My lesson in treasure hunting has not been isolated to Proverbs. The Psalmist writes,
How can my soul be cheered by God if I don't know what his word says? And if I flip that thought over, who hasn't been cheered up in the midst of a trying time by remembering that God works everything together for our good (Romans 8:28)?
This is no idle exercise. I can't tell you how many times I have been tempted to let my eyes run after another beauty when the Spirit whispers:
- "Charm is deceitful and beauty is vain." Proverbs 31:30, or
- "Can a man carry fire next to his chest and his clothes not be burned?" Proverbs 6:27, or
- "Let your eyes look straight ahead, fix your gaze directly before you."
Jesus had this treasuring thing down pat. When Satan tempted him (Luke 4), he responded with Scripture. When the Pharisees questioned why he plucked and ate grain on the Sabbath (Luke 6), he responded by quoting Scripture. When the chief priests, scribes, elders, Pharisees, and Sadducees took turns trying to trip him up, he responded by giving them the word of God he had treasured up in his heart. They didn't have a chance.
Reading the word of God is great, it brings a blessing. But the treasure comes our way when we treasure God's word in our hearts by meditating on it and by memorizing it.
- The Psalmist treasured God's Word. Psalm 119:48
- Solomon treasured God's Word. Proverbs 2
- Mary treasured God's Word. Luke 2:19, 51
- Jesus treasured God's Word. Luke 4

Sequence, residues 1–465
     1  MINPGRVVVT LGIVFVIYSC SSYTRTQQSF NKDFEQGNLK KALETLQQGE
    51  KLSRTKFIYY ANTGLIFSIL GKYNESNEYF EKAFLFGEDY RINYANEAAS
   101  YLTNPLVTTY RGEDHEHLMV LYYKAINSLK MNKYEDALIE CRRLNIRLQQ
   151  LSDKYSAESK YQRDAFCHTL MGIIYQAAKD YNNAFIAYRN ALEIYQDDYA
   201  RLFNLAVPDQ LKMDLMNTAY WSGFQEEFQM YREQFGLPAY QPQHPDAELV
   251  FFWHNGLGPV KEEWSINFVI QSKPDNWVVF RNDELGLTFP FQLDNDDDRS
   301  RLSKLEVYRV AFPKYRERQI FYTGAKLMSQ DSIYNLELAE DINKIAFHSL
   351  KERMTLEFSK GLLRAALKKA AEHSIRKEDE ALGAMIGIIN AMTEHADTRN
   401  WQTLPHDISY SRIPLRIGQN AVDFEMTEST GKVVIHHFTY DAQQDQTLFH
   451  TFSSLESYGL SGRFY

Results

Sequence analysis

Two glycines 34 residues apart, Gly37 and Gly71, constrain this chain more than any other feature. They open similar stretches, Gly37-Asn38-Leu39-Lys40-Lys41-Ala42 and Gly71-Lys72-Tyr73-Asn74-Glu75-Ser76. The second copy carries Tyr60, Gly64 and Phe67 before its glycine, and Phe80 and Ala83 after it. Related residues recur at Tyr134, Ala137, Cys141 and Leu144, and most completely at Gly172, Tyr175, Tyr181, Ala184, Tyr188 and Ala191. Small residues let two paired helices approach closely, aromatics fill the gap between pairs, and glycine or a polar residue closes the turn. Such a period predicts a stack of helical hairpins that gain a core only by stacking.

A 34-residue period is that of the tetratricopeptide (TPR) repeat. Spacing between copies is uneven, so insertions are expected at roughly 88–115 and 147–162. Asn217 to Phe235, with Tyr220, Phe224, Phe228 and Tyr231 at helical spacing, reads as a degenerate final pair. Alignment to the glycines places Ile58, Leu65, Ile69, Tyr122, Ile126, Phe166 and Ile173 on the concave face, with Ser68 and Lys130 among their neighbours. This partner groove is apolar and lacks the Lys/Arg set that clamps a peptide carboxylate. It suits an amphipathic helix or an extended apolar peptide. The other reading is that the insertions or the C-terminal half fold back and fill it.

What one verse could you begin to store away in your heart today? If you are looking for a suggestion, here are three:
And here are ten ways to practice The Treasuring Principle:
- Begin with the prayer we mentioned in The Interpretation Flashlight.
- Turn the verse over and over in your mind. Highlight a different word or phrase each time.
- Turn the verse into a prayer.
- Paraphrase it. Put the verse into your own words.
- Think of someone in Scripture or in your life who exemplifies that verse. Thank God for them. Take some time to write them a note or send a text and encourage them.
- Think of someone in your life who needs this truth. Pray for them and then share it.
- Say the verse out loud.
- Praise God for what the verse teaches you about Him.
- Quiet your heart and then ask God to show you where or how you've failed to live this out. Confess that to him.
- Think of a song that conveys the truth of this verse. Play it. Sing it!
- If you missed Sunday's sermon, We Are Biblically Anchored, you can get it by clicking here.
- If you need a Bible Reading Plan, click here.
- I had a couple of great songs come my way this week. Music is another way to practice The Treasuring Principle.
Incredible by Anthony Evans
Yes and Amen by Housefires III
- For Days 1-4 in Five Bible Tools, just click the title below:
Monday: The Bible Checklist
Tuesday: The Interpretation Flashlight
Wednesday: Praying The Promises
Thursday: The Bible Bookcase
- "I said in the Bible . . ." from Samuel Taylor Coleridge, Confessions Of An Inquiring Spirit. London: Edward Moxon, Dover Street. 1853. Page 47.